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ID: 1015639
User: 66.4.233.25
Article: Dissociative identity disorder
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m (Journal cites (journal names):, using AWB (8060))
(Developmental trauma)
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== Causes ==
 
== Causes ==
 
tits. Those who accept the validity of DID as a diagnosis attribute it to extremes of [[Stress (biology)|stress]] or disorders of [[attachment theory|attachment]]. What may be expressed as [[posttraumatic stress disorder]] in adults may become DID when found in children, possibly due to their greater use of [[imagination]] as a form of [[coping (psychology)|coping]]. A specific relationship of childhood abuse, disorganized attachment and lack of social support are thought to be a necessary component of DID, along with a rigid [[parenting styles|parenting style]], [[temperament]], genetic predisposition and an inversion of the parent-child relationship.<ref name = Gillig/> Other suggested explanations include insufficient childhood nurturing combined with the innate ability of children in general to [[Dissociation (psychology)|dissociate]] memories or experiences from [[consciousness]].<ref name = merckdoc/> A high percentage of patients report [[child abuse]]<ref name=merckpat>{{cite web | url = http://www.merck.com/mmhe/sec07/ch106/ch106e.html | title = Dissociative Identity Disorder, patient's reference | publisher = Merck.com | accessdate = 2007-12-07 | date = 2003-02-01 }}</ref><ref name=Kluft1999>{{cite journal |last=Kluft |first=RP |year=1999 |month= |title=Current Issues in Dissociative Identity Disorder |journal=Bridging Eastern and Western Psychiatry |volume=1 |issue=1 |url=http://journals.lww.com/practicalpsychiatry/Abstract/1999/01000/Current_Issues_in_Dissociative_Identity_Disorder.1.aspx|pages=71–87}}</ref> and others report an early loss, serious medical illness or other traumatic events.<ref name = merckdoc/> People diagnosed with DID often report that they have experienced severe physical and [[sexual abuse]], especially during early to mid childhood.<ref name="dsm4">{{cite book | last = American Psychiatric Association | title = Diagnostic and Statistical Manual of Mental Disorders DSM-IV TR (Text Revision) | url = http://www.psychiatryonline.com/resourceTOC.aspx?resourceID=1 | date = 2000-06 | publisher = American Psychiatric Publishing, Inc. | location = Arlington, VA, USA | isbn = 978-0-89042-024-9 | doi = 10.1176/appi.books.9780890423349 | page = 943}}</ref> They also report more historical psychological trauma than those diagnosed with any other mental illness.<ref name = Vedat2011/> Several psychiatric rating scales of DID sufferers suggested that DID is strongly related to childhood trauma rather than to an underlying [[electrophysiology|electrophysiological]] dysfunction.<ref>{{cite pmid | 3418321}}</ref>
=== Developmental trauma===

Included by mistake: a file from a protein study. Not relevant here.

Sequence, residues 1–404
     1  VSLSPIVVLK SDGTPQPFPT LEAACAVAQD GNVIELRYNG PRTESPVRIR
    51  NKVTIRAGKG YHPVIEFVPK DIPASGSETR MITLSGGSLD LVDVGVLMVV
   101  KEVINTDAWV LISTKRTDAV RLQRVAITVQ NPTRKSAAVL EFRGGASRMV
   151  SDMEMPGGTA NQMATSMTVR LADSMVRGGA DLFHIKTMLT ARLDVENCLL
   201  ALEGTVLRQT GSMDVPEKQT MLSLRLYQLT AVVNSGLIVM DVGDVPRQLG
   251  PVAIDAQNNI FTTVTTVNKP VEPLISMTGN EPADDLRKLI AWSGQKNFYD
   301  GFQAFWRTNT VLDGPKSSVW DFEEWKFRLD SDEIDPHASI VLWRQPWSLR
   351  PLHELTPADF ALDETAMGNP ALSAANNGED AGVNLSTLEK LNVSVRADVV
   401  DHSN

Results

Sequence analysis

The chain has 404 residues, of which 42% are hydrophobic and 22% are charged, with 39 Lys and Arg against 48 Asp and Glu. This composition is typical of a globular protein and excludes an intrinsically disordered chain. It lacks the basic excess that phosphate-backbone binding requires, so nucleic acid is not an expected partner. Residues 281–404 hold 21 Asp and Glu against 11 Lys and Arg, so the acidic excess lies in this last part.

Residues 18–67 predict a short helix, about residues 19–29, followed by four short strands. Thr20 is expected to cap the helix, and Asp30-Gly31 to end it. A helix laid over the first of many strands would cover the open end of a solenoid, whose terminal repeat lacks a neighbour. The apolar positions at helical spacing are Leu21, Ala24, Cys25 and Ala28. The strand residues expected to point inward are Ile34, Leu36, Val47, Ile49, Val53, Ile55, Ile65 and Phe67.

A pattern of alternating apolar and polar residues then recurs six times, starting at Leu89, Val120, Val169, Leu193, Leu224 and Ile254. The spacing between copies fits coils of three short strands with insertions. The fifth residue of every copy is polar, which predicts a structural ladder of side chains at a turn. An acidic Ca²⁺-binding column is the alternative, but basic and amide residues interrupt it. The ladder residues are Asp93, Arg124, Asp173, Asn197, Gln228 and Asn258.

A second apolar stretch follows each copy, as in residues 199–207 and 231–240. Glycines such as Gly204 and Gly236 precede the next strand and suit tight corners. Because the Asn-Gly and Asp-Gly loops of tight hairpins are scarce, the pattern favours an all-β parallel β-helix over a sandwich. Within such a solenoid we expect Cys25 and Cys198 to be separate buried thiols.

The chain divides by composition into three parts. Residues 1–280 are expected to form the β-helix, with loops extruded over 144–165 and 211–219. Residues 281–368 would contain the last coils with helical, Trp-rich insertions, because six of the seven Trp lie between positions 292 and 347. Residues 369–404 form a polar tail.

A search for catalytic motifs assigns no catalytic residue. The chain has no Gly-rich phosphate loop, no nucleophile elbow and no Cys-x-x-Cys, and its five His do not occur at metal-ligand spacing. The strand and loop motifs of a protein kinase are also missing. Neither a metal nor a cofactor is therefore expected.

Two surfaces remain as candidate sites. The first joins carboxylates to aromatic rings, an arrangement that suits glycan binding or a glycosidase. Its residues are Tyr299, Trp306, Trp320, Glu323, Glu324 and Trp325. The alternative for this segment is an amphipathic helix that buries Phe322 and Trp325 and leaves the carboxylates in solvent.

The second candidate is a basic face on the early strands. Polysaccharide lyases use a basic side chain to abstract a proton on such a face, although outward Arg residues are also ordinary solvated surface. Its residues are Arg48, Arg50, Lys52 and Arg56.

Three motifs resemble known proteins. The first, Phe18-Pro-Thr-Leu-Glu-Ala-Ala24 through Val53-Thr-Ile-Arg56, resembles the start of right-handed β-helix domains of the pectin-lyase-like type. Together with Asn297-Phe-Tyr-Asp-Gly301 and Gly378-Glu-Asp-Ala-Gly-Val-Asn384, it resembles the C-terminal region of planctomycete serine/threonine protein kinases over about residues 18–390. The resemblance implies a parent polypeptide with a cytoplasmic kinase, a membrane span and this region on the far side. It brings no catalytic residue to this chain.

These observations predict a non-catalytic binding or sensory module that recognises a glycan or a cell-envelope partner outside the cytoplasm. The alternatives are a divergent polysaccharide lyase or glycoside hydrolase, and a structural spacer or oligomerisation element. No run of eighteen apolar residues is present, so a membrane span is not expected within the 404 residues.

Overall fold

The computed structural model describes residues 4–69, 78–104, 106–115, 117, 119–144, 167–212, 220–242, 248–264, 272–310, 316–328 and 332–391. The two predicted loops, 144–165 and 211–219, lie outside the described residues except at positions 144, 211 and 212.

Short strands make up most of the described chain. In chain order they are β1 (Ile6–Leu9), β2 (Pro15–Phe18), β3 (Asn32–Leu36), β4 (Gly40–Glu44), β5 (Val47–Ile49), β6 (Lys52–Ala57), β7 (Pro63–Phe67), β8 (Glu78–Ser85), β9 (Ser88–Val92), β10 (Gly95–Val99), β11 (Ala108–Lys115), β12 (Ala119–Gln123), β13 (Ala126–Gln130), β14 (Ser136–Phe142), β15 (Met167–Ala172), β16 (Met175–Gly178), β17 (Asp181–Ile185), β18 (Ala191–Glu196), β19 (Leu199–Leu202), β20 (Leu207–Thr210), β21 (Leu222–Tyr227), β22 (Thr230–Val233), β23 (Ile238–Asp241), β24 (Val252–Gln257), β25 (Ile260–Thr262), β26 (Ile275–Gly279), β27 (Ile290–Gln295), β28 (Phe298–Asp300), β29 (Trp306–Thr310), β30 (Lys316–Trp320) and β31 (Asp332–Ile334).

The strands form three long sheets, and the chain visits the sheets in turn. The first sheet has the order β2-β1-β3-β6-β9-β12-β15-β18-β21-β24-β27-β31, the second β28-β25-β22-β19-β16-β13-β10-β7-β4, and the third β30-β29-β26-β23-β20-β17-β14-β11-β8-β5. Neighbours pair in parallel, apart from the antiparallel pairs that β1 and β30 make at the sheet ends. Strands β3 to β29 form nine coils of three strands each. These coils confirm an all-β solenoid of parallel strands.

Those who accept the validity of DID as a diagnosis attribute it to extremes of [[Stress (biology)|stress]] or disorders of [[attachment theory|attachment]]. What may be expressed as [[posttraumatic stress disorder]] in adults may become DID when found in children, possibly due to their greater use of [[imagination]] as a form of [[coping (psychology)|coping]]. A specific relationship of childhood abuse, disorganized attachment and lack of social support are thought to be a necessary component of DID, along with a rigid [[parenting styles|parenting style]], [[temperament]], genetic predisposition and an inversion of the parent-child relationship.<ref name = Gillig/> Other suggested explanations include insufficient childhood nurturing combined with the innate ability of children in general to [[Dissociation (psychology)|dissociate]] memories or experiences from [[consciousness]].<ref name = merckdoc/> A high percentage of patients report [[child abuse]]<ref name=merckpat>{{cite web | url = http://www.merck.com/mmhe/sec07/ch106/ch106e.html | title = Dissociative Identity Disorder, patient's reference | publisher = Merck.com | accessdate = 2007-12-07 | date = 2003-02-01 }}</ref><ref name=Kluft1999>{{cite journal |last=Kluft |first=RP |year=1999 |month= |title=Current Issues in Dissociative Identity Disorder |journal=Bridging Eastern and Western Psychiatry |volume=1 |issue=1 |url=http://journals.lww.com/practicalpsychiatry/Abstract/1999/01000/Current_Issues_in_Dissociative_Identity_Disorder.1.aspx|pages=71–87}}</ref> and others report an early loss, serious medical illness or other traumatic events.<ref name = merckdoc/> People diagnosed with DID often report that they have experienced severe physical and [[sexual abuse]], especially during early to mid childhood.<ref name="dsm4">{{cite book | last = American Psychiatric Association | title = Diagnostic and Statistical Manual of Mental Disorders DSM-IV TR (Text Revision) | url = http://www.psychiatryonline.com/resourceTOC.aspx?resourceID=1 | date = 2000-06 | publisher = American Psychiatric Publishing, Inc. | location = Arlington, VA, USA | isbn = 978-0-89042-024-9 | doi = 10.1176/appi.books.9780890423349 | page = 943}}</ref> They also report more historical psychological trauma than those diagnosed with any other mental illness.<ref name = Vedat2011/> Several psychiatric rating scales of DID sufferers suggested that DID is strongly related to childhood trauma rather than to an underlying [[electrophysiology|electrophysiological]] dysfunction.<ref>{{cite pmid | 3418321}}</ref>